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  • Spectrum Gaming

Understanding Anxiety Part 3: 'People need to DO Better' Anxiety

Updated: Jun 30

(This post is Part 3 of a series on Understanding Autism & Anxiety)


Each type of brain has its own strengths and weaknesses. See a video from Spectrum Gaming members summing this up here:







BUT, the world is made for non autistic people, so we do not have a level playing field (even if we are treated the same as others).

 

Often as autistic people we have differences that are treated as wrong or broken when in fact, they are just different. 











To reduce 'DO better' anxiety people need to make changes that meet our needs.







One additional important thing to know is that these changes must be done by law:

 

Under the Equality Act 2010, people have a duty to make reasonable adjustments to ensure that disabled people are not placed at a substantial disadvantage and can participate in all aspects of life.

 

One difficulty here is that unfortunately, people don’t always embrace difference. Even though adaptations are important (and are similar to having a ramp or a lift for a wheelchair user, rather than expecting them to be able to take the stairs), lack of understanding means you can be faced with judgement if you have supports or adjustments that are different to others.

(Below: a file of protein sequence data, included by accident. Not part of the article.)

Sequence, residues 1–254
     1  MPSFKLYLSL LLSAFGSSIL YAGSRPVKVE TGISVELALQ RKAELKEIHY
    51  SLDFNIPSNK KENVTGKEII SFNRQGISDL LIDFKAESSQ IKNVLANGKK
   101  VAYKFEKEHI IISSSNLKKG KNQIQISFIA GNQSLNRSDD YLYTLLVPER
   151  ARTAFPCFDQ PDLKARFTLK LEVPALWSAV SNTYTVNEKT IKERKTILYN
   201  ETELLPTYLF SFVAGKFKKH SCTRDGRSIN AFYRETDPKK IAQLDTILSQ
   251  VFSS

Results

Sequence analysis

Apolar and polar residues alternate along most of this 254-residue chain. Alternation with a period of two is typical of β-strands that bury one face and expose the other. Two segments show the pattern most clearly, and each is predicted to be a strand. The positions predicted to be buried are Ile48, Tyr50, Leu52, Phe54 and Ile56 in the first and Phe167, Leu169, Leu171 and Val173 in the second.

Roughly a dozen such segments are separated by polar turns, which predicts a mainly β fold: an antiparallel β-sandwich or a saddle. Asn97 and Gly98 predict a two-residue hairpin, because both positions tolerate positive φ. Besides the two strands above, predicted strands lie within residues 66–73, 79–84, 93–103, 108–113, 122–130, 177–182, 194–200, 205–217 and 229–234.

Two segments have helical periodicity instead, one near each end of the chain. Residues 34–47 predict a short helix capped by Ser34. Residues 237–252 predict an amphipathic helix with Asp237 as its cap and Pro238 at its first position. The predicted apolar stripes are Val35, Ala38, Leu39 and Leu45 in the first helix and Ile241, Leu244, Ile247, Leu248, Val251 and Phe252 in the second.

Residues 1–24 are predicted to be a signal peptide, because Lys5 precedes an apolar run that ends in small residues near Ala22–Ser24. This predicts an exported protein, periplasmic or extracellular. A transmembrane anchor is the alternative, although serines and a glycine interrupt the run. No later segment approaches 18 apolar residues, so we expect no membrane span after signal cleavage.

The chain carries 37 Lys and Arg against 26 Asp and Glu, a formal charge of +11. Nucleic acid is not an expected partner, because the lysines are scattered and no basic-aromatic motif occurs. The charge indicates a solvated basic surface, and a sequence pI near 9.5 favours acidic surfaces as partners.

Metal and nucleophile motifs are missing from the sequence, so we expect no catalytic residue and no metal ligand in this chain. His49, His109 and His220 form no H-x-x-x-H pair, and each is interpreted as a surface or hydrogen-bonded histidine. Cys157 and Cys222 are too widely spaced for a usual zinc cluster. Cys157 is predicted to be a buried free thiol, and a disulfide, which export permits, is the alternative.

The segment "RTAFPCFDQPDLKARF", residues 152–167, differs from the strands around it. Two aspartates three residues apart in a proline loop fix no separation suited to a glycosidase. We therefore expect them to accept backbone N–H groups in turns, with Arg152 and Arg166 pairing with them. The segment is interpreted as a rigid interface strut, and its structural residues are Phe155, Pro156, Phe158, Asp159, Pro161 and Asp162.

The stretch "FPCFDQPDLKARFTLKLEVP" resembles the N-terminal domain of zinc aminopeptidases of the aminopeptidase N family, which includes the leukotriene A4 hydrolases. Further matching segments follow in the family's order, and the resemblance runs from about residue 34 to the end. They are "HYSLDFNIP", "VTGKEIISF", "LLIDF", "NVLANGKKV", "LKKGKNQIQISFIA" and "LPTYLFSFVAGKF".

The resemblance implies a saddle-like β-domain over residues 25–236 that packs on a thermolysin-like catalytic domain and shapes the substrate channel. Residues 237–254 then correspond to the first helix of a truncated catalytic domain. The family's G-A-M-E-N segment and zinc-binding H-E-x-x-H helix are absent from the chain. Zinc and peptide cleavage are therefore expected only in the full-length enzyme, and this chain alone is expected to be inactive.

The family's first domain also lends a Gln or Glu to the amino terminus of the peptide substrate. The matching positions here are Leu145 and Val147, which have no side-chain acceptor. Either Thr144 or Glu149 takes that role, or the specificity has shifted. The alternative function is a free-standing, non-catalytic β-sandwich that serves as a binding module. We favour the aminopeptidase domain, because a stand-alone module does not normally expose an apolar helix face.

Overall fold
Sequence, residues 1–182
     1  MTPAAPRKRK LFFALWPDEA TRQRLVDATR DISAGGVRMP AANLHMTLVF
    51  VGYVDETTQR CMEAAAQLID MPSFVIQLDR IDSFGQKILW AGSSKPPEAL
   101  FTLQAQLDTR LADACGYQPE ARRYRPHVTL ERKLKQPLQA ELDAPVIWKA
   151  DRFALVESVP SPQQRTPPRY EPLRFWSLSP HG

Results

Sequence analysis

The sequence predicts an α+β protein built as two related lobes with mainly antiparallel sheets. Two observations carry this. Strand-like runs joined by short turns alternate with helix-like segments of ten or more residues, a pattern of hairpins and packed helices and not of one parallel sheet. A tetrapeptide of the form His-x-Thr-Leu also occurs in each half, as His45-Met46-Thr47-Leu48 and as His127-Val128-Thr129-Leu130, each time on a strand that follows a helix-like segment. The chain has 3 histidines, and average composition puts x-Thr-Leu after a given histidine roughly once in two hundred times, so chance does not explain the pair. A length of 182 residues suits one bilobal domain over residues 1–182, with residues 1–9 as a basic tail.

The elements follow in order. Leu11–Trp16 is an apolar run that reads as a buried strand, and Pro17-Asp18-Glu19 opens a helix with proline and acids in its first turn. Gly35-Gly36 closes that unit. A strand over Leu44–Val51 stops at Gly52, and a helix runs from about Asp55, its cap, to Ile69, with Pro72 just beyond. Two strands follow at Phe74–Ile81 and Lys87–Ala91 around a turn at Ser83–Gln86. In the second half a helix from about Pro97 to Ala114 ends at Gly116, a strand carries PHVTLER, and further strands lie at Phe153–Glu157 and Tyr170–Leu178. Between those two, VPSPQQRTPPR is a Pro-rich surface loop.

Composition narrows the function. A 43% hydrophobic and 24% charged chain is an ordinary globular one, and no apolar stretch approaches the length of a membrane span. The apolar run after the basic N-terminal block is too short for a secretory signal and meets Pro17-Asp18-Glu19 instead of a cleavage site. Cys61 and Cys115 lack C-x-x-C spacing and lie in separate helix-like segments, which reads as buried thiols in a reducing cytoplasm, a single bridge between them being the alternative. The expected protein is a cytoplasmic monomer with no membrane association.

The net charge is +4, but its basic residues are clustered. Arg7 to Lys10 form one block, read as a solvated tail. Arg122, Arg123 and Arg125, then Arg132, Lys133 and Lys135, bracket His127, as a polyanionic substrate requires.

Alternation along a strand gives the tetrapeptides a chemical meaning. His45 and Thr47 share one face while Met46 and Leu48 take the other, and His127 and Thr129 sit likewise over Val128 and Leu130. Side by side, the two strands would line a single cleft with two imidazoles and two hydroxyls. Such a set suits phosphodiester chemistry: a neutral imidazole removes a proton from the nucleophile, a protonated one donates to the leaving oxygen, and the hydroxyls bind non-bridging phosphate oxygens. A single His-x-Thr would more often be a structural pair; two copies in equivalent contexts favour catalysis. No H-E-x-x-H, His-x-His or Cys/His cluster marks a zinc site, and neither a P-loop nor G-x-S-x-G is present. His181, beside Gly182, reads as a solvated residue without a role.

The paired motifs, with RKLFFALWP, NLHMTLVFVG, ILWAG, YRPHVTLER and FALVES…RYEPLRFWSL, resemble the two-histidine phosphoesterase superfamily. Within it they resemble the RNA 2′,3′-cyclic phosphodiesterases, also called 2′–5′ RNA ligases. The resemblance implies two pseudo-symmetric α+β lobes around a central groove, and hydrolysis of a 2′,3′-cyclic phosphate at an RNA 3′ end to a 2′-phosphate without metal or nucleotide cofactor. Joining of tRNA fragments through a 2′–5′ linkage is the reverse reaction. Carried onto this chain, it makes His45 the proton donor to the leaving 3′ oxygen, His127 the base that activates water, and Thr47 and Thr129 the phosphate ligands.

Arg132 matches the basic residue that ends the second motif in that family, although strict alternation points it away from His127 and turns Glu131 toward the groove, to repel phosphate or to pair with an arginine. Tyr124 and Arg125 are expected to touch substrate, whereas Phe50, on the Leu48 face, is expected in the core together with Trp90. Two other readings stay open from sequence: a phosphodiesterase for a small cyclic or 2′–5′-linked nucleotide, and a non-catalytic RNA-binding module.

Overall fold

There is a way around this though, by making wider changes so that the environment works for everyone in a way that means people don’t need to be treated differently. This is the premise of inclusion.


What does this mean in practice?

  • If a young person needs a fidget toy, can every young person have access to one?

  • If a young person needs noise cancelling headphones, is this ok and accepted?

  • If a young person needs to be able to move around rather than sitting still, are they able to do this?

Rather than having to give eye contact and sit still, can young people listen in a way that works for them? See this free whole body listening resource.



Remember: If anxiety is irrational (your brain tells you something is threatening when it isn’t), for example a phobia, you need environmental adaptations put into place before challenging the anxiety, because if your anxiety is too high, small steps will feel much bigger.



If anxiety a young person experiences is not irrational and is a result of threats or unmet needs, making these changes could be enough for anxiety to no longer be a barrier.



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